Iowa — We in the United States have our main patriotic celebration on Independence Day, July 4th. In fact, we sometimes call it the nation’s “birthday.” This past week, we observed what Iowans might call the state’s “birthday” — its 177th birthday, to be exact.
According to data from the United States Census, the United States acquired the area of Iowa from France in 1803 as part of the Louisiana Purchase. Iowa Territory was organized on June 12, 1838, from part of Wisconsin Territory. It included all of present-day Iowa, the eastern part of North Dakota and South Dakota, and the western part of Minnesota.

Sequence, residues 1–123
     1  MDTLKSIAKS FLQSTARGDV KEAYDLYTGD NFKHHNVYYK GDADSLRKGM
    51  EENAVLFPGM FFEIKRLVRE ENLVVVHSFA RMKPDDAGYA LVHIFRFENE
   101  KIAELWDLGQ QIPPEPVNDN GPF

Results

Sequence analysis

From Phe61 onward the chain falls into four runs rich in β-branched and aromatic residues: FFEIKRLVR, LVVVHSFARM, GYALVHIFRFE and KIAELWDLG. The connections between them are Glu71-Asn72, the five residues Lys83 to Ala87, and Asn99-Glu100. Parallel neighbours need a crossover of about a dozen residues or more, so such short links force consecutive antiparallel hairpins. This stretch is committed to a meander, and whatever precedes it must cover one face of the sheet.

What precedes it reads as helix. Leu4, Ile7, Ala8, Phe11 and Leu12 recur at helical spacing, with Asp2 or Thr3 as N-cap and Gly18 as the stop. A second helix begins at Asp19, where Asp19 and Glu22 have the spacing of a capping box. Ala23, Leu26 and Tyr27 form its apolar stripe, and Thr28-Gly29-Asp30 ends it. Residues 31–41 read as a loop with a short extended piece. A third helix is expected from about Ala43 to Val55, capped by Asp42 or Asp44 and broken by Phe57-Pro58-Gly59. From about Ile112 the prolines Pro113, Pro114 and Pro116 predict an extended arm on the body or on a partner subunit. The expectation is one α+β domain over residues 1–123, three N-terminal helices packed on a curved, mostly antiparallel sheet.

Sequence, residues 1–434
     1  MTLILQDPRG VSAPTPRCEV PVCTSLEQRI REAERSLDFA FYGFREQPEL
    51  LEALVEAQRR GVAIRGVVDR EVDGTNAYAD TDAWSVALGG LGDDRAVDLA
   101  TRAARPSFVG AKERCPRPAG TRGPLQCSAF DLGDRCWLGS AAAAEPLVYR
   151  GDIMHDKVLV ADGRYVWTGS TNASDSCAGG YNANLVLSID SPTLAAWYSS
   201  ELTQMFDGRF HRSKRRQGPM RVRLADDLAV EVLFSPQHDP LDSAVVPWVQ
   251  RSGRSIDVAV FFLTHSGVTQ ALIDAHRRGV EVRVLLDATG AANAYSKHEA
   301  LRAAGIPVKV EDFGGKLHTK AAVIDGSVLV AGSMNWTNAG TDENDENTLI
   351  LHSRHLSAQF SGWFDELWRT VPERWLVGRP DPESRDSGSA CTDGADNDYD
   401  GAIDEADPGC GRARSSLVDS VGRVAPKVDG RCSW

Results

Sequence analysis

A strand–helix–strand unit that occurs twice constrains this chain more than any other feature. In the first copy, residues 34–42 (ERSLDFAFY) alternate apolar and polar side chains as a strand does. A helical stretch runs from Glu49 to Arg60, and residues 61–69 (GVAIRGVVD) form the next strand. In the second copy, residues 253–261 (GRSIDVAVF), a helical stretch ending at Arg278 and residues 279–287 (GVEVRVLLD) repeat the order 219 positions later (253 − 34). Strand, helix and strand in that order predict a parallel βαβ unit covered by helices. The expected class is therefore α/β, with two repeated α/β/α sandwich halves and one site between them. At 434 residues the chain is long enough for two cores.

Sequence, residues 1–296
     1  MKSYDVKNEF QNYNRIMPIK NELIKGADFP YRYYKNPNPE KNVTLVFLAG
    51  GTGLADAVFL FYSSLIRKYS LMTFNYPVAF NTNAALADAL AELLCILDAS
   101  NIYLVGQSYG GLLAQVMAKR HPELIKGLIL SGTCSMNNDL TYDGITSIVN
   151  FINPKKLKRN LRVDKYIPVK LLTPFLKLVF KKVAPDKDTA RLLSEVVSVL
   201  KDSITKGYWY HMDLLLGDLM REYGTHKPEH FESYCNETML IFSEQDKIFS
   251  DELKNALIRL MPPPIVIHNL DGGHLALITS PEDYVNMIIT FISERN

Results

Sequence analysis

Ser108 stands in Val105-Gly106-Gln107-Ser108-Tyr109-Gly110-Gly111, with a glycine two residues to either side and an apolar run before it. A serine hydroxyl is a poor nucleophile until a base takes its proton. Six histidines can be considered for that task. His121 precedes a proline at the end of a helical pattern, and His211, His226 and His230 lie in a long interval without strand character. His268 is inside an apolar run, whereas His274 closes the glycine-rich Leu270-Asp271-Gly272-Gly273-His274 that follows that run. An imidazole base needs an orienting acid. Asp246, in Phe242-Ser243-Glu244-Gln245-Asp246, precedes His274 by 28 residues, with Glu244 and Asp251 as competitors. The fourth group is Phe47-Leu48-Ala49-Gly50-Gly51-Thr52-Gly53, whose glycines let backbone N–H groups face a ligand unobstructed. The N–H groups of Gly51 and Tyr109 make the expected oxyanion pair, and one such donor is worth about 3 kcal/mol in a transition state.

Iowa was admitted to the Union on December 28, 1846, as the 29th state with generally the same boundary as the present state. The remaining part of the territory was unattached until the organization of Minnesota Territory in 1849.
When it became a state, fewer than 100,000 people called Iowa home, and most of them were in the eastern third of the state. Today, nearly 3.2 million people live in the Hawkeye state.